Seat of Government
Published: 21 August 2009 Modified: 12 October 2009
The Netherlands maintains one of the most stable political and social environments in the world. The Hague acts as seat of government although it is not the nation’s capital.
The Netherlands maintains one of the most stable political and social environments in the world. The Hague acts as seat of government although it is not the nation’s capital. The Dutch government understands the vital importance of the international business community, and corporations can feel extremely confident that government policies will remain generally consistent and flexible to their needs and interests. The broad-based coalitions of the mainstream political parties are committed to maintaining and promoting a strong private sector.
The Netherlands can be described as a constitutional monarchy with a parliamentary system; the constitution has determined how the powers are divided between the Queen and the other institutions of the government. However, the Ministers are accountable to Parliament, the Queen, who has no political responsibility, is not.
The cabinet currently consists of 15 ministers and a prime minister. Its responsibilities are: preparing and implementing legislation, overseeing the local government, carrying out the day-to-day business of government and maintaining international relations. If you would like to know more about the different ministries please read the page about Dutch National Ministries.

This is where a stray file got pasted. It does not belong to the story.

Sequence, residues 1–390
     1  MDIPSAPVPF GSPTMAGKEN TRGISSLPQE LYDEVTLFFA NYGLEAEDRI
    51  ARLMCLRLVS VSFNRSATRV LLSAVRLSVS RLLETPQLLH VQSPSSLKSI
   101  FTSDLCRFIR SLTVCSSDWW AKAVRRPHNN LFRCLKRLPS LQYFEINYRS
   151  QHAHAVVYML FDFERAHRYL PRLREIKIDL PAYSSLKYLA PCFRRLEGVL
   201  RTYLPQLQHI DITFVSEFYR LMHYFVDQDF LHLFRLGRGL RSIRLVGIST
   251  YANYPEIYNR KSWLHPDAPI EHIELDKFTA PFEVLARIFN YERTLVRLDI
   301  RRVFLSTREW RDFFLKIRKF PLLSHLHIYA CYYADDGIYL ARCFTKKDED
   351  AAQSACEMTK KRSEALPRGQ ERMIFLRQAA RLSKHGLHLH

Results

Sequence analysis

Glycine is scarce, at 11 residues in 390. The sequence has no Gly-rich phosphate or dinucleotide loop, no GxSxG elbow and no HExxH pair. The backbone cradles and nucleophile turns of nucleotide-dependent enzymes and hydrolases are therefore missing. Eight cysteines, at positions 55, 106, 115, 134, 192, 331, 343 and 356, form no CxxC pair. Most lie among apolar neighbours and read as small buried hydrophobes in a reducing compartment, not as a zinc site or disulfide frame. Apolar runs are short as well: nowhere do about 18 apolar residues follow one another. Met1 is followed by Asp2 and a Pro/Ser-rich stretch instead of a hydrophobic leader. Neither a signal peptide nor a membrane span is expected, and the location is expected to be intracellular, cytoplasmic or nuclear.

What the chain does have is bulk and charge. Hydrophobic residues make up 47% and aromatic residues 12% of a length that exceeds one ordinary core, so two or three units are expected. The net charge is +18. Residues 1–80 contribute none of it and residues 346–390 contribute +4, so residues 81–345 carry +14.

The Netherlands has a representative democracy and its parliament, or Staten Generaal, is made up of two chambers: the Upper House, or Eerste Kamer, whose 75 members are elected by the members of the provincial councils; and the Lower House, or Tweede Kamer, whose 150 members are elected directly by the people.
The two Houses of Parliament have been given four rights: the right to set a budget; the right of interpellation (to ask the minister for more clarity); the right to put questions to ministers; and the right of enquiry. The Lower House has been given two further rights: the right of amendment and the right to propose legislation.
The Political Parties
The Dutch Lower House of Parliament is elected by proportional representation and there are about ten political parties in the Lower House. Government is put together through coalition with the party with most popular votes appointing the Prime Minister and other parties forming the opposition. For more information about the different political parties please read the page about Political Parties.
All Dutch citizens 18 years of age or older are eligible to vote. Foreigners who have been a legal resident of the Netherlands for at least five years are also entitled to vote. Since the Netherlands has a large number of political parties that compete for representation, no single party is likely to obtain a majority large enough to govern by itself. This has resulted in a broad distribution of political power.
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